I first met Bella early one warm, bright spring morning, a few weeks before her first birthday. I had been flicking through an equestrian magazine the day before when an advert caught and held my eye. It had a photograph of a sturdy black yearling filly with a wise, honest expression way beyond her years. All I knew about Dales was that they were compact weight carriers who combined a calm, placid temperament with a flashy trot and a long flowing mane and tail. I decided to go and meet her and that has to be one of the best decisions I have ever made!
My late partner, David, and I travelled to the stud where she was born expecting to see a wild, scruffy, muddy youngster in a field but when we arrived she was tied to a rail outside a row of stables, polished and gleaming, resting a back foot and dozing in the sun. All the other horses were already out, enjoying themselves in the fields, but she was perfectly at ease on her own, relaxed and self contained, waiting patiently while her future was decided, and I knew straight away that there was no way I could go home without making her mine!
Bella is a Dales Pony, a very rare breed native to Britain. The breed originated in the late seventeenth century when the ponies were bred as pack horses, to carry lead from the mines high up in the hills of Northern England down to the coast. They were also used by farmers in that area for all the draft work on their farms, and to provide the farmers with transport to market and entertainment, in the form of trotting races and carrying farmers out hunting where they proved to be safe, agile jumpers. The breed is aptly known as ‘The Great Allrounder’ and they are renowned for their strength, hardiness, soundness, stamina, good nature and courage. Sadly, and to owners of the breed, inexplicably, they are now an endangered breed with less than five hundred breeding females left in the UK.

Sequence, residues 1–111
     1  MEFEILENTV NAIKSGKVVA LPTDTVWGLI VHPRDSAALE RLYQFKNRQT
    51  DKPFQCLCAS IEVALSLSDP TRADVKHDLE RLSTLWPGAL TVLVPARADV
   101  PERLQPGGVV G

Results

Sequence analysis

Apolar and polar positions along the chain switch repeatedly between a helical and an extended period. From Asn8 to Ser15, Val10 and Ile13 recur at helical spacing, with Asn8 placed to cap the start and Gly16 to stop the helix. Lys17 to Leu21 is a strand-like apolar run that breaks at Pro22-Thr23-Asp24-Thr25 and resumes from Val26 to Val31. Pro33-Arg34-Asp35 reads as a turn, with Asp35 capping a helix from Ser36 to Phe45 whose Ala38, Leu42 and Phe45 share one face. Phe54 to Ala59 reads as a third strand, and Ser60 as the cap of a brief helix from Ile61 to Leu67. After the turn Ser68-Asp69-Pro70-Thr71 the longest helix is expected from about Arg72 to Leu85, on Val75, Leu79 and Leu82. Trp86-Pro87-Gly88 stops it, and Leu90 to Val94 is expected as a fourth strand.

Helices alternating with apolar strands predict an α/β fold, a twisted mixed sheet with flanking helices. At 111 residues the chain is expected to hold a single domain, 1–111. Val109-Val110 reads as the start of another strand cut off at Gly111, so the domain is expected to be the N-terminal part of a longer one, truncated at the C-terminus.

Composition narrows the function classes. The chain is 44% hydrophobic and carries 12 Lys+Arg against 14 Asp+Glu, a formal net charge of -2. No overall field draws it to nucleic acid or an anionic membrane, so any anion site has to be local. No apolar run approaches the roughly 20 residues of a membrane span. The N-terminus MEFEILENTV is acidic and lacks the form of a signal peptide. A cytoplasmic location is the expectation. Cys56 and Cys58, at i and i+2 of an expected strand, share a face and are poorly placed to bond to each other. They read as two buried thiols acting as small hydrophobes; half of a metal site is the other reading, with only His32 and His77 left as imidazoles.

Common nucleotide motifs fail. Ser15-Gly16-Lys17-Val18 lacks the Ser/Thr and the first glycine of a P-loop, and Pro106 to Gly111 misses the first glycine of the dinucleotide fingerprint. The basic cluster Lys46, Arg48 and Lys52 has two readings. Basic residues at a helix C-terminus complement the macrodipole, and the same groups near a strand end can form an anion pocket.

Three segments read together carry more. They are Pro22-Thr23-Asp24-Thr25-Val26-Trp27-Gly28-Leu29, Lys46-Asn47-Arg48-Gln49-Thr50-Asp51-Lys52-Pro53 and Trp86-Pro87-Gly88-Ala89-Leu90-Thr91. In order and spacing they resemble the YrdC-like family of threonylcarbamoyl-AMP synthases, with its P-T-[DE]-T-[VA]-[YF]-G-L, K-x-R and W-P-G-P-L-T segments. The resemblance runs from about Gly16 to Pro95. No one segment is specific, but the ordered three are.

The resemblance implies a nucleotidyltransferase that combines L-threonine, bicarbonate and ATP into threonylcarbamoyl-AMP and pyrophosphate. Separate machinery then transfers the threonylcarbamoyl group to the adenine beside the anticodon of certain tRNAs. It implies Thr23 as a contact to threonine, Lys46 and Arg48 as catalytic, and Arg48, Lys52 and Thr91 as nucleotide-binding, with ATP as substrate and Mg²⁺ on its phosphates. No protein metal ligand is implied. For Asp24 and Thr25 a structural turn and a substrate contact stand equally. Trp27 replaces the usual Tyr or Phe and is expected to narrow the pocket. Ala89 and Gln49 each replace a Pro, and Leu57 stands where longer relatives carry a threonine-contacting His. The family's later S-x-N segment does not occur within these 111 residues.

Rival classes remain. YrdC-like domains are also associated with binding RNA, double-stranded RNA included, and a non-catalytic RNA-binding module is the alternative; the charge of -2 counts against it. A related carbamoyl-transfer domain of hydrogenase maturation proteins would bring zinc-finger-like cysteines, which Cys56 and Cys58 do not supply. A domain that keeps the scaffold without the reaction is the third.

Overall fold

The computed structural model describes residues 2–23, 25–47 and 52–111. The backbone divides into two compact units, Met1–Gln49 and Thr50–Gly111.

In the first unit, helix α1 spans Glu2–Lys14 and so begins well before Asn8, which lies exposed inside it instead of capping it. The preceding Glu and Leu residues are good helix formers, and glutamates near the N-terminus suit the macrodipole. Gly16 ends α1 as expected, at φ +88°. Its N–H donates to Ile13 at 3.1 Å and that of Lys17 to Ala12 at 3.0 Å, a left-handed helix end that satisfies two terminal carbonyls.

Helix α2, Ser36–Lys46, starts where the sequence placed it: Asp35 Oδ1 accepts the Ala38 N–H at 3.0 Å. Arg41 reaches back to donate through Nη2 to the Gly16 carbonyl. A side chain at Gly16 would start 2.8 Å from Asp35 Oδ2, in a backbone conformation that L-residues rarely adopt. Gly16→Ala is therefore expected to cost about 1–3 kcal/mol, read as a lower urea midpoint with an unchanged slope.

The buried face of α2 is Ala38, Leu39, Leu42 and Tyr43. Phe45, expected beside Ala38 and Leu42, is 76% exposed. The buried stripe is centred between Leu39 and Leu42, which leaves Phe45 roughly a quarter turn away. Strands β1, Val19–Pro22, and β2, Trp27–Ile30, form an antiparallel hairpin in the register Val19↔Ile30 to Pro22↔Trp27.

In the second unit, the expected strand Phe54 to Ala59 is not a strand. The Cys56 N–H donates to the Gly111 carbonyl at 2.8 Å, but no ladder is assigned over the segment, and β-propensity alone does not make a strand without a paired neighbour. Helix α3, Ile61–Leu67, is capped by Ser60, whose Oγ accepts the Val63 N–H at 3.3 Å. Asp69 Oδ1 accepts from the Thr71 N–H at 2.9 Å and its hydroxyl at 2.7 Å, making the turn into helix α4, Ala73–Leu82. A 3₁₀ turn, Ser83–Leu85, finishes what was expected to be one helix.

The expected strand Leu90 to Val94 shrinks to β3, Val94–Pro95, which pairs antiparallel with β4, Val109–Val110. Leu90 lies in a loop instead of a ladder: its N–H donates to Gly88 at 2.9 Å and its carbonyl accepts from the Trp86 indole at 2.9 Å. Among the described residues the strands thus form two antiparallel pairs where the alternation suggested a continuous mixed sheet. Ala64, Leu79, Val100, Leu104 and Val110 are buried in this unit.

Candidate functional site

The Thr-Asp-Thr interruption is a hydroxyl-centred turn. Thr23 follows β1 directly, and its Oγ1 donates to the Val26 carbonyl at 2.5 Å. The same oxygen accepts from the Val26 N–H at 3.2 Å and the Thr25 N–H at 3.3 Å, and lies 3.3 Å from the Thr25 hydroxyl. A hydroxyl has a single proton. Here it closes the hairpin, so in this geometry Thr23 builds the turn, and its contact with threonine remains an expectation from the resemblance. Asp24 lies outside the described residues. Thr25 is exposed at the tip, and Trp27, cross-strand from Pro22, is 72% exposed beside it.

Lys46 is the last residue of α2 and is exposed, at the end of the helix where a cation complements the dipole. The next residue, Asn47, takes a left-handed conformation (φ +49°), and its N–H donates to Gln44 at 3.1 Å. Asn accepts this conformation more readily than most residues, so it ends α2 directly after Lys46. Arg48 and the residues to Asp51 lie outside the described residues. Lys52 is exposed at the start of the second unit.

I checked her over, asked to see her walking and trotting, and had a look at her mum and dad. Mum, Daloumie Melody, was out in the field with her latest foal and was too busy grazing to take much notice of us but Bella’s sire, Wolsey Master Oliver, was very friendly and interested in us. I thought he was extremely handsome and I found out at a later date, when we were lucky enough to be taken out in his carriage for a drive, that he has the most amazing, passage-like trot. When I saw him in action I imagined how wonderful that trot must feel to sit on and prayed that one day Bella would trot like that. He also had Bella’s calm and wise eyes. I was totally smitten with the first Dales Ponies I had ever met and made Bella’s owners an offer straight away. If they had decided to double the asking price I would have found the money somehow!
Bella had never been anywhere or seen anything other than the horses, people and dogs at the stud where she was born. She had never travelled before but when, a few days later, we returned with the lorry to collect her she walked trustingly straight up the ramp and travelled the two hours to her new home like a seasoned professional, munching hay all the way. She remained cool and calm when we unloaded her, walking slowly and carefully down the ramp beside me. On route to the yard we had to pass, among other things, several pigs with piglets, a couple of calves and a goat who just happened to be standing on top of the muckheap, all of which she barely gave a second glance. I couldn't believe that a youngster could be so laid back and confident and I knew I’d found the right horse! In all the years we've spent together since then she has never given me cause to doubt it.
I was a bit unsure who to turn her out with as my two other mares where quite elderly and I didn't think they would appreciate a youngster disturbing their retirement. My only other choice was my homebred gelding, Russell, who was very sociable with other horses but I was a bit worried that he wouldn't be the best influence as he can be very spooky and suspicious about life. I needn't have worried; Bella makes her own mind up about things and she was the calming influence that he needed. He soon got fed up with being shown up by a yearling!
I put them in adjacent paddocks to begin with and Bella did plenty of squealing and kicking the fence but within a day they were back scratching over the fence so I thought it would be safe to put them in together. Bella tried to convince Russell he should do as she told him but even Russell isn't that much of a push over and quickly put her in her correct yearling place! They forged a friendship that has lasted all these years and, although they now have different grazing requirements, and so different turnout companions these days, she still whickers to him whenever she sees him and will still share her food with him when they are together. For Bella that has to be true love!